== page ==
Time to Question the Weed & Wine Collaboration Scenario

wine-weed-symposiumThough in its infancy and surely with a long way to go before true legitimacy, the rising Cannabis industry appears to have its eyes set on becoming part of the artisan tourist industry that wineries invented and are far down the road to perfecting. One question that needs answering is this: Does the wine industry need the cannabis industry or does the cannabis industry need the wine industry?

This is just one of the questions that will be explored at the Weed & Wine Symposium planned for August in Sonoma County.

From the sound of those who are promoting the upcoming Weed & Wine Symposium (it sounds fascinating) you get the impression that wine needs weed. According to Tawnie Logan, the Executive Director for Sonoma County Growers Alliance:

“It is imperative that the wine industry understand the nuances and how to collaborate weedglasswith us. The wine industry has had one hundred years to develop, and now gives back to social and environmental causes. We are at year one. We need the wine industry to help bring us in, and show us what responsible industry practices look like.”

Is it really imperative that the wine industry understand the nuances of how to collaborate with weed? Is it imperative that the wine industry teach its competitor how get the job done? I’m not completely sure it is.

One the topic of the opportunities and threats to the wine industry from cannabis, Logan says:

“There are many opportunities if the wine industry can get ahead of it. They have the opportunity to work with a new tourist attraction to Sonoma County.  We have wine, food, ocean, biking, and kayaking.  Craft beer tourism is a new menu item for tourists. Not all visitors are wine drinkers. Men are attracted to beer and spirits, and women want wine. But we are seeing a generational shift.  We need to figure out how to incentivize a tourist target market. How many items can they pack into a trip?  If you are over 40 years old, maybe you are angled toward the wineries, and you want to experience the vineyards. Kids in their 20’s want to hit Russian River Brewery and the dispensaries, so it’s a different kind of crowd. If we market this appropriately and make it collaborative, we can all do well.”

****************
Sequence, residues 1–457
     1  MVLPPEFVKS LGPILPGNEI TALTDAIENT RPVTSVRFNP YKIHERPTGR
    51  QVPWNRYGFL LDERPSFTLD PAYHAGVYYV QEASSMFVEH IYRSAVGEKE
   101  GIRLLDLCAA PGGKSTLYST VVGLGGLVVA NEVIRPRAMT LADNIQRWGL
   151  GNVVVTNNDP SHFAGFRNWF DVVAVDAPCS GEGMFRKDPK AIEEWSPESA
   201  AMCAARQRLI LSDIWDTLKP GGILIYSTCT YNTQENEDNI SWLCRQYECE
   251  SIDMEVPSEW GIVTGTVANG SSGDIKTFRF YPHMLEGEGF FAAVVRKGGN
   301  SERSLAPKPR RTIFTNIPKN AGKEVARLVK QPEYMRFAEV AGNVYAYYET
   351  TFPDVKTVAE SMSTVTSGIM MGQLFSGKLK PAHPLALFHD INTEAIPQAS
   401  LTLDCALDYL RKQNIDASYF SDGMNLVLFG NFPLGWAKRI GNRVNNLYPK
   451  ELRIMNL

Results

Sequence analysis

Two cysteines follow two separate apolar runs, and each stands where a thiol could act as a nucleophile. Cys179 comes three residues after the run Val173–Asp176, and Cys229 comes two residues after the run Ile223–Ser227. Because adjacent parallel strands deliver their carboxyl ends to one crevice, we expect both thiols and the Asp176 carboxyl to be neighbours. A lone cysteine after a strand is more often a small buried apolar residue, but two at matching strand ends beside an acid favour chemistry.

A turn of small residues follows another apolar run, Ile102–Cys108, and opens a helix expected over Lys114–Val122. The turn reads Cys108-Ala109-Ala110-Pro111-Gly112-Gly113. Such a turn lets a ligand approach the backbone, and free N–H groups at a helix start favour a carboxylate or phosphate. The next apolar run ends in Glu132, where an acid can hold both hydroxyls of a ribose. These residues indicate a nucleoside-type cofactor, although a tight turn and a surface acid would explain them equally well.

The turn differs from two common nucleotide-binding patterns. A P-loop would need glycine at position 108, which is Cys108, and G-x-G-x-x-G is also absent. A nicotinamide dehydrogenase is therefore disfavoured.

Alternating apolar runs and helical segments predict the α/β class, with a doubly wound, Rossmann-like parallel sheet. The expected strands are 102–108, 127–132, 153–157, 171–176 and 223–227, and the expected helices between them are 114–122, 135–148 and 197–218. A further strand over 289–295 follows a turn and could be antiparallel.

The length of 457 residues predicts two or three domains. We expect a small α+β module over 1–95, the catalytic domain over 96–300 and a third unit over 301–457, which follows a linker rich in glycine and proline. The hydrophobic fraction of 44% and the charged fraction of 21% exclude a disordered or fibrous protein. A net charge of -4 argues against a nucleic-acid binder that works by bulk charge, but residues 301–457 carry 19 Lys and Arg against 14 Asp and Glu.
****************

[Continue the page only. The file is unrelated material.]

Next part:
Call me the Devil’s advocate. Call me skeptical. But this sounds an awful lot like the cannabis industry wants to introduce the wine industry to light spending 20-year-olds, while the wine industry introduces big spending 40 and 50-year-olds to the Cannabis industry. Is that a fair trade? I’m just spitballing here, but what Ms. Logan says is correct. There are only so many items a visitor will pick up on a trip. Does the wine industry want to promote the idea that its best customers take home something other than wine?

Rebecca Stamey-White is a partner at Hinman & Carmichael, perhaps the most prestigious law firm in the wine industry.

“I think the risk of competition is being over-blown. It doesn’t have to be an either-or situation.”

It’s not overblown. Anyone who doesn’t believe that the cannabis industry is going to suck sales from the alcohol industry doesn’t understand the nature of the two products. The question is which part of the wine industry will get hit hardest. Surely it will be those in the industry selling relatively lower priced wines to those who covet the fruit of the vine as much for its ability to calm the nerves as its relationship to the terroir and its minerally undertones. But it sounds to me also that those suggesting the wine industry collaborate with the cannabis industry also have their sights set on wines higher end buyers.

Stamey-White goes on to say:

“There is room for collaboration, with consumers enjoying both industries at different points in time. For example, the food element is something the wine industry has done really well. Cannabis goes really well with food, so collaboration on the hospitality around food may be a great chance to work together.”

I attended the interesting Wineries Boot Camp put on by the Luxury Marketing Council yesterday and listen to a panel of pot marketers talk to the wine industry. When asked about the pairing abilities of weed and food, one of the smartest guys I’ve heard discuss pot in a while said, “have you ever noticed what happens to your appetite after you smoke pot?”

That’s not so much a claim that weed and food match well with each other as much as it is a confession that people are willing to ingest a wider variety of foods when they are high. And that’s a great thing if you have the executive chef for Taco Bell headlining your wine and food pairing dinner.